The Battle of Queenston Heights Was the Shining Hour for Natives in the War of 1812
As the 200th anniversary of the War of 1812’s first major battle approached, Native peoples on both sides of the U.S.–Canada border were gearing up for some historic commemorations.
The Battle of Queenston Heights, which took place 200 years ago on October 13, is remembered among aboriginals as the epic fight in which a mere 80 First Nations warriors, hiding in the forest, besieged 1,300 American soldiers, scaring off their backup troops. Many historians believe that the battle—a key victory for the British—was a decisive moment in preventing the Americans from establishing a northern foothold and pushing on to conquer what today are Toronto and Montreal. And while some First Nations have expressed disappointment with their level of inclusion in the 1812 anniversary plans by the Canadian government, the pivotal aboriginal role at Queenston Heights is undeniable.
“Queenston Heights was hugely important,” says historian Zig Misiak, who chairs the War of 1812 Bicentennial Commemoration Steering Committee in Brantford, Ontario. “[British] Major General Isaac Brock, the so-called hero of Queenston Heights, knew he had to have both the militia and the warriors. If the warriors were neutral, the Americans would have run them over. If the warriors had decided to align with their cousins across the river, the British would have lost.”
Misiak says there were intensive negotiations between the various indigenous nations in the region, in particular the Six Nations on both sides of the border—some chose to remain neutral, and others vowed loyalty to Britain. In the end the First Nations warriors backed the latter at Queenston Heights, sniping at the Americans’ hilltop position so successfully that the invaders could not set up defenses. And though Brock perished in that battle, his side won partly because the American militia refused to save their kin, terrified of the Native war cries and the sight of bodies being carted off the battlefield.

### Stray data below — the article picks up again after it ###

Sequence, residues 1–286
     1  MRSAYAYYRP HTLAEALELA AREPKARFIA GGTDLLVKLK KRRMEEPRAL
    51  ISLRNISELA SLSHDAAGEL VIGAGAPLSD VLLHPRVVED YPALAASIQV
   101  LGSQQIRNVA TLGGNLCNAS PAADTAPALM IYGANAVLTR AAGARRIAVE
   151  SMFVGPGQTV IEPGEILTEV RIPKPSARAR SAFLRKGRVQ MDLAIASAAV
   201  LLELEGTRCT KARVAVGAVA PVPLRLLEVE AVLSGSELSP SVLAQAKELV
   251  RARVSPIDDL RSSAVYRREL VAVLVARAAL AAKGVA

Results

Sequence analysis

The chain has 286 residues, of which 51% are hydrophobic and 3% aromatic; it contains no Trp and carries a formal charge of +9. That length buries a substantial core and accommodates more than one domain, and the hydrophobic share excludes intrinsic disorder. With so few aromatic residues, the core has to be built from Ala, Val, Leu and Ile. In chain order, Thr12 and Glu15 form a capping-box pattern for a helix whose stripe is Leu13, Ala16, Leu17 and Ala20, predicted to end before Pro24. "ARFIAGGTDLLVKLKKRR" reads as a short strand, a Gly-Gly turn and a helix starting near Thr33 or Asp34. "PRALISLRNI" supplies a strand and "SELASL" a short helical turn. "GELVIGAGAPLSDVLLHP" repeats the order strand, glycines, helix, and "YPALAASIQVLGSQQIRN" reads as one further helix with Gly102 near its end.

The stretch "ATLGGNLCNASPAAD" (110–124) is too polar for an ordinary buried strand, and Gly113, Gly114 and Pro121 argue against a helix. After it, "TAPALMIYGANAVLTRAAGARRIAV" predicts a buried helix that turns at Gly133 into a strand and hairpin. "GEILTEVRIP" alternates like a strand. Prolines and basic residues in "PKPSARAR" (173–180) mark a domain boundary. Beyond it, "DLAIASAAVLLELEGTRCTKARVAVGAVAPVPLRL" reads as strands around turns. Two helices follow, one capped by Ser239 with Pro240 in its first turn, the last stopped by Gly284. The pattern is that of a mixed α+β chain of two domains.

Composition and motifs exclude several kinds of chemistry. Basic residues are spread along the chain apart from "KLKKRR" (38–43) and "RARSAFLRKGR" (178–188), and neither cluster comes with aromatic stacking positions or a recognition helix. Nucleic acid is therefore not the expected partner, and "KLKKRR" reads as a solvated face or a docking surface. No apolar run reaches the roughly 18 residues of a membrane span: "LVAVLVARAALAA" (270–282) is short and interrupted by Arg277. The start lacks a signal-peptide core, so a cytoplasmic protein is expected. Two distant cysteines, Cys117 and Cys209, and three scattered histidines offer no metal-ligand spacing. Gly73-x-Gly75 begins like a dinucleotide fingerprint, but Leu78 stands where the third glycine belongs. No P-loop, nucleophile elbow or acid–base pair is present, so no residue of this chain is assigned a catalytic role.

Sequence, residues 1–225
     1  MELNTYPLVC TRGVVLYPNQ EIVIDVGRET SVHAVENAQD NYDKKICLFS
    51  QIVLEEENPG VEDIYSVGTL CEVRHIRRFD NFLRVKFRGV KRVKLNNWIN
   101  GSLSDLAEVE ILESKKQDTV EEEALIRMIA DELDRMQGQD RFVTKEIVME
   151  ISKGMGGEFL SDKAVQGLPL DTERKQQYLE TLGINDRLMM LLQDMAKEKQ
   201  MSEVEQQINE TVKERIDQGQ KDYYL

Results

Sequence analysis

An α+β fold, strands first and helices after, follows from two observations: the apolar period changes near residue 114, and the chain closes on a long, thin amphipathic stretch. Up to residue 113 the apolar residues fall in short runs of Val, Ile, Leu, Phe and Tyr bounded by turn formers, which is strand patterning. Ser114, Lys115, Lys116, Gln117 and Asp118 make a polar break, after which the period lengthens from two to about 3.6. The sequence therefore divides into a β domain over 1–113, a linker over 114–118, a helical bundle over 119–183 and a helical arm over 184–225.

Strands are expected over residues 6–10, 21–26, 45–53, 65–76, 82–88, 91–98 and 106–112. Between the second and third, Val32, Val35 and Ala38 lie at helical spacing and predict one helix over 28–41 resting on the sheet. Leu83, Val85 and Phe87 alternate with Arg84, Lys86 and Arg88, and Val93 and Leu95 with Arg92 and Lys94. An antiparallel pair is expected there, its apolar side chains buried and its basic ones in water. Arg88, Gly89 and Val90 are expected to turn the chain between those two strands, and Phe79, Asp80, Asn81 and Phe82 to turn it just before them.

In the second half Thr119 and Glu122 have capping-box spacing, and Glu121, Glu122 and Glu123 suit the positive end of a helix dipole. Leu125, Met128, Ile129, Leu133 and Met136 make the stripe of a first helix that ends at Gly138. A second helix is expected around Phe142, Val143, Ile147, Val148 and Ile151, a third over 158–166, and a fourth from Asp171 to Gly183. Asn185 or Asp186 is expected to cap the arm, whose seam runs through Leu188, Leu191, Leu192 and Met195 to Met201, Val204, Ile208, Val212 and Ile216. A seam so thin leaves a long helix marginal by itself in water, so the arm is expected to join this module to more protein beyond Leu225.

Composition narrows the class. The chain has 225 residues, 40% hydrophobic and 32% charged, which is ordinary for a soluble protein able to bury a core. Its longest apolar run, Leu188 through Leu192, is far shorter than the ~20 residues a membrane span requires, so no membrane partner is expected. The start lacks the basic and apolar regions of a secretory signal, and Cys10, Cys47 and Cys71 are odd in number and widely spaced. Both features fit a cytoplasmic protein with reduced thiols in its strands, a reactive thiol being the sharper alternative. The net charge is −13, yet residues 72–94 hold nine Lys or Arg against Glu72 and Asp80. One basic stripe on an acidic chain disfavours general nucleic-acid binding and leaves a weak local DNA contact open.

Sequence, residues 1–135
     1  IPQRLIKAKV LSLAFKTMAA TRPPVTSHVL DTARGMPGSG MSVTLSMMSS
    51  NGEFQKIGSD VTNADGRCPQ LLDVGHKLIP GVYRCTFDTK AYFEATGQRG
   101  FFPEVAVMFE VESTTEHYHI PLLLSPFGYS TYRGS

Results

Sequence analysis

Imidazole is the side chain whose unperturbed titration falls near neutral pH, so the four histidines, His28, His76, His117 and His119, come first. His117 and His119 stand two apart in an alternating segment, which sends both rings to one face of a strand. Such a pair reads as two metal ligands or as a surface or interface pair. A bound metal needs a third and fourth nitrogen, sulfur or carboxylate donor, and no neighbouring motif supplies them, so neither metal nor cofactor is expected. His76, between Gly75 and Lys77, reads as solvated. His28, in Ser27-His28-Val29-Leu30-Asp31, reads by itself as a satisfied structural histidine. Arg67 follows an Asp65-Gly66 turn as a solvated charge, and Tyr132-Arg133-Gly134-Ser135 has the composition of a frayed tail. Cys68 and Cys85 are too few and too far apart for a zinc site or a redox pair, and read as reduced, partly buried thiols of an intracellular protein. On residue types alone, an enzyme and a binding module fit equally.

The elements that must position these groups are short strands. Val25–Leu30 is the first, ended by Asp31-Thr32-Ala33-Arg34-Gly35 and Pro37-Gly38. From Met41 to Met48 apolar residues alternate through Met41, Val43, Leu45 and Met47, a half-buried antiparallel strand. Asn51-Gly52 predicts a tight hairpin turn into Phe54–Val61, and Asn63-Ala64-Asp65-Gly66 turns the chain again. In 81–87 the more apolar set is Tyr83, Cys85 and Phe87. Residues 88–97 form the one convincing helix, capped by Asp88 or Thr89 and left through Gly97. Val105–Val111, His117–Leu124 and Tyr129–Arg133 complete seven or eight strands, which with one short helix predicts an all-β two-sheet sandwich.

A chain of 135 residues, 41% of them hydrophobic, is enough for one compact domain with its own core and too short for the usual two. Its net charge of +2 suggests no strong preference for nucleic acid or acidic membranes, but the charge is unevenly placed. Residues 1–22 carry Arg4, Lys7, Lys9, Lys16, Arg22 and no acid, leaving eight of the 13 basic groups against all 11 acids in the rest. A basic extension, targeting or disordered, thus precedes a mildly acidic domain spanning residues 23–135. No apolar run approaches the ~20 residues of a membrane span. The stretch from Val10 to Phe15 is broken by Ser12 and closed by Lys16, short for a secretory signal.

“About 80 warriors were in the treeline coming at them,” Misiak says. “They did not allow them to put up proper barricades. The warriors just kept buzzing at them.… Our feeling is, if they’d secured that hill and gotten reinforcements, that was the launching pad to sweep up into upper Canada. [But] the Americans thought they were falling into a trap…and pulled back. There were only 80-odd warriors in the bush and 1,300 to 1,400 Americans on the hill. Think of the numbers! Even if you made it 100 or 500 [warriors], they were still outnumbered—but they stood their ground. They had to hold it, and they did. The rest is history.”
The bicentennial of the War of 1812, Misiak says, has offered First Nations an important opportunity not only to honor their war dead but also to educate Canadians and Americans about their historic fidelity to the treaties and alliances they signed. With planned re-enactments of the war’s epic battles drawing more than 800 volunteer actors, he adds, the chance to raise awareness of aboriginal history is also one to right some historical wrongs.